Conservatory creates new practice space

Robert Levy
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The conservatory, in a sudden burst of creativity, has come up with a way to put itself much closer to resolving the issue of too few practice rooms. This past week, workers from Physical Plant acted upon a work order from the conservatory. One by one, the workers closed the conservatory bathrooms and modified each stall, turning it into a functional, though economically-sized, practice room.

To create the practice stalls, the workers extended the walls of each stall to the floor and ceiling and attached sound-insulating foam all the way around the inside. The doors of each stall now are equipped with a foldout shallow shelf that acts like a music stand. Each practice stall is now big enough for players of most instruments, except low string and brass instruments, most percussion, and, clearly, piano.

“This is a trial,” said Dean Kathleen Murray. “We’ll see how people take to the idea.” Dean Murray noted that there are several advantages to the new practice stalls, besides the added practice space that they provide.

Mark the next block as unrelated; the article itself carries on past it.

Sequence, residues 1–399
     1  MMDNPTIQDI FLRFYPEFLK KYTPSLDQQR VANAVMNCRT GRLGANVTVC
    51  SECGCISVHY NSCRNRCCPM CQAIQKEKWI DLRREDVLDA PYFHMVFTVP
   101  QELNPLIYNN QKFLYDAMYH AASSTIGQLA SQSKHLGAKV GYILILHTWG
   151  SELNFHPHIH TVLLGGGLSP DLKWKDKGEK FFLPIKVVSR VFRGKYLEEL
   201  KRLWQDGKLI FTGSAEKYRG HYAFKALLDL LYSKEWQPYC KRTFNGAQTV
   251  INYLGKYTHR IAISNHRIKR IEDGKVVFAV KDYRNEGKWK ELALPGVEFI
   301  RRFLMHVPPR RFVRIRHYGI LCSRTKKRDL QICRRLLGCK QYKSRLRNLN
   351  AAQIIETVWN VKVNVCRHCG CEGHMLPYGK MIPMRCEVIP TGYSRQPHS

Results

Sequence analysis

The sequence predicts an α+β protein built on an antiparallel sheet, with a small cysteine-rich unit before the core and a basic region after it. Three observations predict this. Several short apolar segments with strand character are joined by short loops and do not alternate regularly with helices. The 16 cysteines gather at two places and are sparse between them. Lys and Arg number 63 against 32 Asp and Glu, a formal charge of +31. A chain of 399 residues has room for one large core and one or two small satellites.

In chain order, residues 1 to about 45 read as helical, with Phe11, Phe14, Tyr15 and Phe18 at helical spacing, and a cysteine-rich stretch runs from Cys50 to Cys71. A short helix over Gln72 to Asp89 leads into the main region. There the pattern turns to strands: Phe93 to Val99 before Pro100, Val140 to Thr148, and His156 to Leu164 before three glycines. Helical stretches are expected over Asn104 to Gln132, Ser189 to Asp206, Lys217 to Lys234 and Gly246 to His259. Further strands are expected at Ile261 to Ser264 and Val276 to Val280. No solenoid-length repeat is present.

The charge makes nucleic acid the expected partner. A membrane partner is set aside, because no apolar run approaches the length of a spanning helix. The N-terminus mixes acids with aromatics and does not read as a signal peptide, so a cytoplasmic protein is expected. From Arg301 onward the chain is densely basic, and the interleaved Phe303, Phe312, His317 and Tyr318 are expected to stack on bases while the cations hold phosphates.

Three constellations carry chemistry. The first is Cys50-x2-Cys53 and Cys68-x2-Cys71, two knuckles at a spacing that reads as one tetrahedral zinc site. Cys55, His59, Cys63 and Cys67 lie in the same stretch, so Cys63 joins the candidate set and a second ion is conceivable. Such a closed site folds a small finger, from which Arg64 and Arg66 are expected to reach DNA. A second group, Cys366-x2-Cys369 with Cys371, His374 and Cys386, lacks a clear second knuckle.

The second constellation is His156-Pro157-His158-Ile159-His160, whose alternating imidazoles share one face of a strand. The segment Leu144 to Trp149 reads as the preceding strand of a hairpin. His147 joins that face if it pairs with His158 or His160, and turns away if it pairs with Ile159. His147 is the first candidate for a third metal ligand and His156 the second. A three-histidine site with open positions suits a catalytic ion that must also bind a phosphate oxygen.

“You can steal a piano bench, but you can’t steal a toilet. From a purely practical perspective, this will save us a lot of grief in the long run. It’s a shame we hadn’t thought of it sooner.”

Full-length mirrors have yet to be installed in all the practice stalls, but some have voiced opinions saying that is really not necessary.

Some of the logistics have yet to be worked out, said Dean Murray. For instance, Murray suggested that some kind of policy will have to be set up to determine who has priority over the practice stalls.

“If someone needs to, you know, do their business, and there isn’t another free stall, then that person will obviously have priority to use the stall over someone who’s just in there practicing. But of course, if someone is in there practicing and doing their business at the same time, well that’s different.” Murray stated that any problems of priority with using the stalls would undoubtedly be discussed at the upcoming DAC meeting.

“We’re just going to have to rely on people to be reasonable and use their common sense,” Murray said. “If people do that, practice stalls might provide us with at least a temporary answer to the practice room situation.”

A total of ten stalls were modified last week, with the remaining stalls in the conservatory slated for modification if the plan proves successful.

Reaction from conservatory students was mixed, but many were glad that, for once the brass players could empty their spit valves someplace else but the floor.